Alpaca maintenance

When we were researching a type of livestock we could handle with relative ease, the alpaca was at the top of the list.  I am sure there are other livestock types as easy to manage, but in addition the alpaca is such a cute animal.  They are a modified ruminant, they have 3 stomachs instead of 4.  They do rest  on occasion through the day and chew their cud.  They only need to be sheared once a year (we found a great llama owner who shears her own animals and ventures out among other farms during spring shearing time and earns a little extra pocket change).  They have two nails on each foot; during the year some nails need to be trimmed so the alpaca will walk on their foot properly.  We hope to tackle that this weekend.  I have the books and on-line instructions various farms have put out there, as well as having had some hands on training when our alpacas first came down to Texas from Nebraska and Ohio and agisted (boarded) at another farm for awhile.  Since we only have 6 alpacas and 2 llamas we can trim at our leisure and stop when any great stress is created, either to ourselves or the animals.  As we get more comfortable and relaxed in the process we should be able to do it more quickly with greater confidence. 

The only other thing we have to check is their teeth; they only have lower teeth and the boys have fighting teeth that erupt around two years of age.  We will call out the vet who will need to remove those fighting teeth for us, a simple process for him to do.  If not removed, those boys can injure each other when they are playing roughly.  There are various ways farms handle trimming the remaining teeth in order for the mouth to close properly.  Some animals have nice teeth that don’t grow fast at all and rarely need trimming.  There is a handy machine that fits over the teeth that grinds them all at once to the same level and looks like a winner.  It’s just a little pricey but the alternatives are not very attractive.  Basically I have seen other farms use a Dremel tool and file down each tooth individually.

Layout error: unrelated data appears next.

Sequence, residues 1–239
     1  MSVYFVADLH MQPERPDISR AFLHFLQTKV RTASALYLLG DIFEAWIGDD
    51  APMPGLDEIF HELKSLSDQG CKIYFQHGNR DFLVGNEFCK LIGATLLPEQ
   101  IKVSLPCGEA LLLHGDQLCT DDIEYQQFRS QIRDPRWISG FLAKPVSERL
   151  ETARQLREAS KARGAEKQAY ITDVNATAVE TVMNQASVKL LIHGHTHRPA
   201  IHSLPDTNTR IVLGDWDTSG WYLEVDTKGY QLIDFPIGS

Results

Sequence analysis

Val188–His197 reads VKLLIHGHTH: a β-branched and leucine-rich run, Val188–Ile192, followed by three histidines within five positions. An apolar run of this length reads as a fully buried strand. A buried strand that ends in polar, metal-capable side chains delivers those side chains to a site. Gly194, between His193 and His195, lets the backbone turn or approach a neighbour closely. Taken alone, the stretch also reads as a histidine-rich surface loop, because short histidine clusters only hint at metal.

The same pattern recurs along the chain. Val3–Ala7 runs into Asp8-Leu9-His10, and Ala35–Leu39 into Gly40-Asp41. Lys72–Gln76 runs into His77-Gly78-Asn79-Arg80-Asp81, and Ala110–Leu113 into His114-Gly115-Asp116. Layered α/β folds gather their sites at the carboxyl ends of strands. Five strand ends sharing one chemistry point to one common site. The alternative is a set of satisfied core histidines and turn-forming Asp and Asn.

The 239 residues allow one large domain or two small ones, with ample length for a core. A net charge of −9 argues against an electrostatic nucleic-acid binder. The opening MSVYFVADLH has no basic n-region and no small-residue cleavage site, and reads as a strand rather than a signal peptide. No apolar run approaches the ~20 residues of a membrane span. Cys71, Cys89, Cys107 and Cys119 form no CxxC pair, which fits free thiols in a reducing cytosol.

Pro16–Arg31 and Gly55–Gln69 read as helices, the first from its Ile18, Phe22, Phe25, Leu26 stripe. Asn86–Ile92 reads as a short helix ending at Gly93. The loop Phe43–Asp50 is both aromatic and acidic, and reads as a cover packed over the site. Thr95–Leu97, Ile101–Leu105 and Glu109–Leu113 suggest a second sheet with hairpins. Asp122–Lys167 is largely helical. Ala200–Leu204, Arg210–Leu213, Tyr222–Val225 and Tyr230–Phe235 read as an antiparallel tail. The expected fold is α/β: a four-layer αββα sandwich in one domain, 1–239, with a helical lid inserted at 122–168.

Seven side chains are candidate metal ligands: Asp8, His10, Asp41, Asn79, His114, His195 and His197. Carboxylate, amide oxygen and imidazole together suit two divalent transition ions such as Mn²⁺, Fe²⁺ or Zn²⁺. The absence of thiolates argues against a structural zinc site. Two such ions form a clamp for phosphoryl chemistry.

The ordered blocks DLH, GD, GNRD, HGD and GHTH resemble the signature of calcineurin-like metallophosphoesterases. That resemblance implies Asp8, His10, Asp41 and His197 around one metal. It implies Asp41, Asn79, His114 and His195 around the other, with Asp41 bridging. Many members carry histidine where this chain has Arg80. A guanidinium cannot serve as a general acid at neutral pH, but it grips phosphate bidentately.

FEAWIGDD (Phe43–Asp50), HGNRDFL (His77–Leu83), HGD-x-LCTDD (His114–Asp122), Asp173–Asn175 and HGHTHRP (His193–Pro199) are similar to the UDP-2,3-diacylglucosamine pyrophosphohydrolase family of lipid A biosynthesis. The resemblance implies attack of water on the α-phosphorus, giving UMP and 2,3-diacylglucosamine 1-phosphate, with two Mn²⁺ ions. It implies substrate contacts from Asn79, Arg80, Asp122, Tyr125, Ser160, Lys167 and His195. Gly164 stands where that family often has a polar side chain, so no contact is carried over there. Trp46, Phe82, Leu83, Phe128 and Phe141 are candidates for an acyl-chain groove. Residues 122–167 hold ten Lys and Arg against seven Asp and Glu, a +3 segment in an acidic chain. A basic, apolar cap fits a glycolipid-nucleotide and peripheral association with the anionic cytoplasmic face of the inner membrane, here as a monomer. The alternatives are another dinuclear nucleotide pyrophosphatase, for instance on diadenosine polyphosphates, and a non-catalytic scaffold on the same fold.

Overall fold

Keeping them on a worming schedule is just a simple process to manage and the vet can administer the vaccines or we can on a regular basis, usually quarterly, and rotating the types of products used to keep the medicines from becoming ineffective .

The fleece that is sheared is being sent to the fiber co-operative.  It costs a little to join and be a member, but they send the fleece to mills for processing into yarns or garments and a percentage of profits from sales, after expenses, is shared among the members.  There are a few different co-operatives so I will research to see which one will serve us best.

We got the animals sheared in time before some hotter days arrived and they have enjoyed stretching themselves out on the green pasture grasses and sunning.  It is such a warm fuzzy feeling knowing they have a quiet, relaxed life here.

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